A Prograde Jet Driven by Rossby Waves

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  • 1 Oceanography Department, Florida State University, Tallahassee, FL 32306
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Abstract

Waves are forced by moving sources and sinks of mass on a beta-plane with Ekman friction. If the motion is retrograde and not too fast, these are Rossby waves with a nonzero Reynolds stress uv′¯. This stress forces a meridional mass flux which builds up a pressure gradient to allow a compensating mass flux in the Ekman layer. In a rotating system, this meridional pressure gradient requires a zonal flow
uyuvE½
which is also the momentum accumulated by the Reynolds stress in one spindown time. An example shows how excitation of Rossby waves brings momentum into the source of energy, causing a prograde jet there, with retrograde currents on each side. A laboratory experiment confirms the theory, which is proposed as an explanation of the observed “negative viscosity” of the jet stream in the atmosphere and the Gulf Stream in the ocean.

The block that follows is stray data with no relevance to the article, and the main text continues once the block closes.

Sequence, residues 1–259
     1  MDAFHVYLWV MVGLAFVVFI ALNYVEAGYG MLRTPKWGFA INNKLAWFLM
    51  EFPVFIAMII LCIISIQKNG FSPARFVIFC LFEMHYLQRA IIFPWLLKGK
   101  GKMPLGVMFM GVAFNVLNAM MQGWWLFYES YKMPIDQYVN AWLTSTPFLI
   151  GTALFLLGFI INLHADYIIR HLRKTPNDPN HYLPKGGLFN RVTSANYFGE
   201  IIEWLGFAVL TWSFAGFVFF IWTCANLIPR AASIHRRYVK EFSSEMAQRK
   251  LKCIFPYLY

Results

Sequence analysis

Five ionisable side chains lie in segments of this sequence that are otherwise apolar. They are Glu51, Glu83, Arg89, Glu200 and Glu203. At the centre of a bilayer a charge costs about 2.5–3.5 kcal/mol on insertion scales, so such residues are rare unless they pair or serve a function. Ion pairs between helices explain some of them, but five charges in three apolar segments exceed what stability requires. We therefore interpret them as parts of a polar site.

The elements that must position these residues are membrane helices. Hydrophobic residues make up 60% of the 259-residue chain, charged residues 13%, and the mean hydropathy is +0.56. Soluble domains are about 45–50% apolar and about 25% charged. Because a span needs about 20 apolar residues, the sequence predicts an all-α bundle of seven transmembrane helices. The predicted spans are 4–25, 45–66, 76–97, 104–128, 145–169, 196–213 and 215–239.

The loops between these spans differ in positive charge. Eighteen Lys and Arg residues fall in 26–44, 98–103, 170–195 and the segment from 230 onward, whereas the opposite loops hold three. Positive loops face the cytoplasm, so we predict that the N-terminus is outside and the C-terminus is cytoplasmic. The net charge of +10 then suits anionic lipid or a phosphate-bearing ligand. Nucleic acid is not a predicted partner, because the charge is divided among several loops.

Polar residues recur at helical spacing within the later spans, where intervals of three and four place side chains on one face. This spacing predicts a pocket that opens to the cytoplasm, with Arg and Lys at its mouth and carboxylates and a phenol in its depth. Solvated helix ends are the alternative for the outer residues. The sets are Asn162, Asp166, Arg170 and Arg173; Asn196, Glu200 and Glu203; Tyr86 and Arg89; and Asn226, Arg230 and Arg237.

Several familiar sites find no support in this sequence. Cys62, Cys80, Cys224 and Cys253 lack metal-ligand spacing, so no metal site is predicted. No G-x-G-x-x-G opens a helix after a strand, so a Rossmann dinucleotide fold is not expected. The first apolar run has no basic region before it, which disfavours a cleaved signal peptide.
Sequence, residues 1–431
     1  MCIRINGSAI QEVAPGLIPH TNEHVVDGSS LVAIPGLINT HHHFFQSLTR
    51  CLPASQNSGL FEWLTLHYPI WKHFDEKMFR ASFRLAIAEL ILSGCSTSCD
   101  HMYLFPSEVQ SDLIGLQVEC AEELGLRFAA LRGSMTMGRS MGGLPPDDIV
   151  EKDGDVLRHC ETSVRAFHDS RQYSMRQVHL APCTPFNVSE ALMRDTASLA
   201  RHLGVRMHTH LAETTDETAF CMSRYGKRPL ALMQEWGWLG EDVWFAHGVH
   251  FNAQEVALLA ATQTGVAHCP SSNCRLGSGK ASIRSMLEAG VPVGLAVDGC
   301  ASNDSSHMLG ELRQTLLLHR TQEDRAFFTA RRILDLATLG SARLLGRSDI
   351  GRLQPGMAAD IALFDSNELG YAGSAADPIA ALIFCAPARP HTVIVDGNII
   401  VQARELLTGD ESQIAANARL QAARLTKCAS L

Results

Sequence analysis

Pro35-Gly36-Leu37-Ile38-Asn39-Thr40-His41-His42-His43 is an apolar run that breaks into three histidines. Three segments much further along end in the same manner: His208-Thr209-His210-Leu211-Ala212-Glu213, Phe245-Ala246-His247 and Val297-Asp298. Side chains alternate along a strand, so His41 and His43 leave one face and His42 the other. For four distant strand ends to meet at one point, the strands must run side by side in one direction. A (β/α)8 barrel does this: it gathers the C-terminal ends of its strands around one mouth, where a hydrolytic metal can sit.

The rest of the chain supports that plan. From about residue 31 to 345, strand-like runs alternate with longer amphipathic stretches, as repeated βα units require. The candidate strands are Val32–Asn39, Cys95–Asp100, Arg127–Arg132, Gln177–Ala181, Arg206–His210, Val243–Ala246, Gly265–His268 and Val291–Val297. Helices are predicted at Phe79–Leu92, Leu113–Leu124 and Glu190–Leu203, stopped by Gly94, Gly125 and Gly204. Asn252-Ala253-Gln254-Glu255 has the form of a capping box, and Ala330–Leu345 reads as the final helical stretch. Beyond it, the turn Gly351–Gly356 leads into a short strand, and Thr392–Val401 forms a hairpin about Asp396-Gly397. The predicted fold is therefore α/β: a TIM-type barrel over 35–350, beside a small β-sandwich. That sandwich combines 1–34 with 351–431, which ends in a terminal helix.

Abstract

Waves are forced by moving sources and sinks of mass on a beta-plane with Ekman friction. If the motion is retrograde and not too fast, these are Rossby waves with a nonzero Reynolds stress uv′¯. This stress forces a meridional mass flux which builds up a pressure gradient to allow a compensating mass flux in the Ekman layer. In a rotating system, this meridional pressure gradient requires a zonal flow
uyuvE½
which is also the momentum accumulated by the Reynolds stress in one spindown time. An example shows how excitation of Rossby waves brings momentum into the source of energy, causing a prograde jet there, with retrograde currents on each side. A laboratory experiment confirms the theory, which is proposed as an explanation of the observed “negative viscosity” of the jet stream in the atmosphere and the Gulf Stream in the ocean.
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